“Over Hill” by Howard Shore on the CD, The Hobbit: An Unexpected Journey.
This track is chosen not because it is a favorite within my collection but because it provides a very high quality symphonic recording that can serve as an appropriate means of measuring the performance of the HP50's. The soundstage most definitely expands outside of my head yet retains a specificity in relation to instrument placement that creates a enveloping and cohesive sound. Strings are very accurately portrayed with a detailed, strident-free presentation that is very easy to listen to for long periods of time. The horns and woodwinds have a sweetness to them that avoids the trap of an artificial presentation. When challenged with a harder hitting, modern soundtrack like Hans Zimmer's Inception, these cans rise to the occasion and provide the best listening experience I have had for those tracks since I saw the film in theaters... all three times.
By creating the NAD VISO HP50 Paul Barton has added a potent weapon in his ongoing battle. This fight is not waged so much against other headphone manufacturers, as it is a positive struggle for progress and innovation that extends beyond mere production and seeks to provide an ever-better answer to the simple yet profound question: What sounds good? Time will tell if the future sounds like the HP50's, but my hope is that you will find immense enjoyment in finding out for yourself by purchasing a pair of these fantastic headphones.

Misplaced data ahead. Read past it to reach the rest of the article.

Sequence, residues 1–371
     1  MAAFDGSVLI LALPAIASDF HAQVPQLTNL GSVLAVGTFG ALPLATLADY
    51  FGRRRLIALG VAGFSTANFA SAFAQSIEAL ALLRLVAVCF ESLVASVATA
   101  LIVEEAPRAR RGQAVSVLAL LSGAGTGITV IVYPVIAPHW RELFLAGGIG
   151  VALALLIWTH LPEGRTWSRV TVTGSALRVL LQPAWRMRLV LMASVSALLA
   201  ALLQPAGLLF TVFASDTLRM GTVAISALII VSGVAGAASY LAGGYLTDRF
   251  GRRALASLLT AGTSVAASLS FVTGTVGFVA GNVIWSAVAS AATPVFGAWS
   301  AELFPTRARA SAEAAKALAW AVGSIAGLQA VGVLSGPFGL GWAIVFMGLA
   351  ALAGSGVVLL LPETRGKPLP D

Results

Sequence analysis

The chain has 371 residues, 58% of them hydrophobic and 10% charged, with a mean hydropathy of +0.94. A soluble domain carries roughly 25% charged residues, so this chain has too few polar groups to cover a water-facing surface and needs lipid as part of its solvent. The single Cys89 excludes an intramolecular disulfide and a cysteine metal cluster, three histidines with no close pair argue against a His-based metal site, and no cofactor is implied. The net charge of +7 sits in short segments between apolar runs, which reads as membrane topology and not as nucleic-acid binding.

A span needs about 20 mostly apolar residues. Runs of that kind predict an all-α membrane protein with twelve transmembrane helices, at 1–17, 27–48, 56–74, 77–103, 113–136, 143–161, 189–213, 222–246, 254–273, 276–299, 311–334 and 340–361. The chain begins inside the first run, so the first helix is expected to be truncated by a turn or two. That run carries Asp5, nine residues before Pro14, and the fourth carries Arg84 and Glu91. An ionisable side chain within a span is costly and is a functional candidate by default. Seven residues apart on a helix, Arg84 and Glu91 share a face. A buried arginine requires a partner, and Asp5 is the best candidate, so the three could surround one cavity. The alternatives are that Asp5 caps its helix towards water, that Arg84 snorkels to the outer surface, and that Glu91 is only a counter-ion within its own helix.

Please ask me any questions you might have and let me know if you appreciate the review.
Information obtained from Innerfidelity has been used with Tyll Hertsens' gracious consent. I strongly encourage you to check out his review of the HP50's.
•NAD VISO HP50 Measurements: http://www.innerfidelity.com/images/NADVISOHP50.pdf
•Tyll's original article about headphone response: http://www.innerfidelity.com/content/harman-researchers-make-important-headway-understanding-headphone-response
•An extensive interview with Paul Barton about sound design: http://www.hometheaterhifi.com/video-coverage/video-coverage/designing-better-headphones-with-paul-barton.html
•SanjiWatsuki's analysis of flagship headphones: https://docs.google.com/presentation/d/1wi8M-HSeK0JF33P-5ypydQjQ4OshRQhvWM0IX2h0NQ8/edit?pli=1#slide=id.p
•Tyll's take on SanjiWatsuki's criteria: http://www.innerfidelity.com/content/one-enthusiasts-take-top-line-headphones-state-flagships